Global competition and technological growth insensitively justify the unfair expectations employers have from employees. Office-goers are forced to work past office hours and cut back on their leisure time. The associated stress snowballs into absenteeism and slackened productivity. Businesses must take steps, like introducing meditation, to improve individual and company well-being.
Stress in a psycho-social context, says the Cantech Letter, is most often described as a harmful physical or emotional reaction to what is perceived to be excessive demands placed on a person, coming from either an external or internal source.
Stress in the workplaces is prevalent in today’s society. The April 27 issue of ‘Weyburn This Week’ cites a survey indicating that 67 per cent of Canadians say that their work causes stress, while 63 per cent say this stress has a negative impact on other areas of their lives.
Their health also suffers; 59 per cent find that workplace stress negatively affects their health.
Research On Stress At The Workplace
Canadians aren’t alone in their suffering. In April, to mark World Day for Safety and Health, the United Nations International Labour Organization (ILO) highlighted workplace stress and its impact in various countries. For example, the cost of work-related depression in the European Union alone is €617 billion ($902 billion CDN) a year.
“We found that work-related stress costs global society untold billions in direct and indirect costs annually,” said Valentina Forastieri, an ILO expert on occupational safety and health, in a UN news release.
“And that is quite apart from the human price paid in misery, suffering and even, according to some of the reports we looked at, in suicide.”
Workplace Stress Statistics
A survey conducted in Japan reported that 32.4 per cent of workers said they suffered from strong anxiety, worry and stress from work. Meanwhile, 2011 data from Chile showed that 27.9 per cent of workers said stress and depression were at work; interestingly, 13.8 per cent of employers agreed.
A recent study conducted by Britain’s Guardian newspaper discovered the following:
• More than a third (38%) of the U.K. workforce think that their workload is unmanageable to some degree;
• 48% think that their workload has increased over the last 12 months;
• 43% said that they experience work-related stress more than half of the time;
• 30% said that their productivity has suffered as a result of stress at work;
• 44% said that their motivation has suffered as a result of stress at work;
• 59% said that stress has affected their home life/relationships to some degree.
Stress At The Workplace: Causes
The ILO ties some of the stress to technological advances and some to globalization. The organization notes that worldwide competition is costly and tempts some employers to cut corners in regard to working conditions and workers’ rights.
In addition, technology has made it possible – and even likely – that workplace demands creep beyond work hours, blurring the lines between job and leisure time.
“With the pace of work dictated by instant communications and high levels of global competition, the lines separating work from life are becoming more and more difficult to identify,” ILO’s Forastieri said. “An appropriate balance between work and private life is difficult to achieve.”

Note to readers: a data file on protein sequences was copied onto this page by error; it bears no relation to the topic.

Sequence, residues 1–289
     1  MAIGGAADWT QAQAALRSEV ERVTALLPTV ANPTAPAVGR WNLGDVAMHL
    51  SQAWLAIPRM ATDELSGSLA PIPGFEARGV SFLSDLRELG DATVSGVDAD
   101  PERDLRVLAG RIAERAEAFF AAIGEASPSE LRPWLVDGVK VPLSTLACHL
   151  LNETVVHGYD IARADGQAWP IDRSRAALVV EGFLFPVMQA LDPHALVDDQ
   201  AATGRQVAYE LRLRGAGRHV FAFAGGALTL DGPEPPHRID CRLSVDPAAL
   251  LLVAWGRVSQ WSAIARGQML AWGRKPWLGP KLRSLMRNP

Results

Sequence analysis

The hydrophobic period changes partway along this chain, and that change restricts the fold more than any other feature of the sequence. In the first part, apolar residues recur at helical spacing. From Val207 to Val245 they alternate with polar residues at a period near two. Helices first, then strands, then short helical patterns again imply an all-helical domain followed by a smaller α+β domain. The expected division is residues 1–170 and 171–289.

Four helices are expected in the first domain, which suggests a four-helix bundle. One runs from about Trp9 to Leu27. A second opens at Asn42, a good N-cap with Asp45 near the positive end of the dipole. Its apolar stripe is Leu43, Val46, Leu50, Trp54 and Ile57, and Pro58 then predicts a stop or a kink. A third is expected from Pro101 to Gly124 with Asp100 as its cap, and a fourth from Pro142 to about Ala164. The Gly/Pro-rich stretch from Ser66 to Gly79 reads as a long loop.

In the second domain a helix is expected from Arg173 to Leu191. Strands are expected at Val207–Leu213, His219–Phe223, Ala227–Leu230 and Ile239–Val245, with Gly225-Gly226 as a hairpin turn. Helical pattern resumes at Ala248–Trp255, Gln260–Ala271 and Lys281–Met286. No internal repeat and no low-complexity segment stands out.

She noted that many businesses still view workplace safety and health as costs, not as investments in the future of the business. This is unfortunate from both societal and personal perspectives, especially given the toll that workplace stress can have on the individual.
Research published in 2015 by the business schools at Harvard and Stanford universities found that a variety of health issues related to workplace stress, such as heart attacks and high blood pressure, kill about 120,000 Americans annually.
Extreme Pressure At Work
In Japan, writes National Post reporter Gillian Duncan, there is an actual term for death from overwork: karoshi.
“It was first recognized [sic]as an official cause of death in the 1980s,when a number of previously healthy high-ranking business people in Japan died in their prime,” she noted.
“To be considered a victim of karoshi, a person who dies from a cardiovascular-related condition must have worked at least 100 hours of overtime the month previously.
But suicides are also considered if the victim worked 160 hours’ overtime or more in one month or more than 100 hours for three months in a row. If they were found to have died as a result of karoshi, the victim’s family is entitled to compensation.”
Given all of this data, employers will have their work cut out for them if they are committed to helping the United Nations achieve its 2030 sustainable development goals.
One of the targets in Goal 8 focuses on “safe and secure working environments for all workers,” and it includes not only the physical safety of workers, but their mental health and well-being.
Since these goals were adopted by U.N. member states in 2015, it’s time for businesses worldwide to examine ways of reducing the stress their workers experience.
Meditation At The Workplace
Research has found that stress fuels absenteeism, hampers on-the-job productivity and contributes to costly employee turnover. In other words, it can and it does affect the company’s bottom line.
Stress has become the norm in many U.S. workplaces and is directly at odds with research showing that, to better engage and retain talent, businesses must focus on reducing workplace stress.
Fortunately, there are a greater number of companies taking stock of the damages of stress, both to the individual and to the corporation itself.
Employee assistance programs and stress awareness campaigns are more mainstream than they have ever been. In fact, many companies are turning to meditation to boost their bottom line.
Not meditating yet? It’s easier than you think.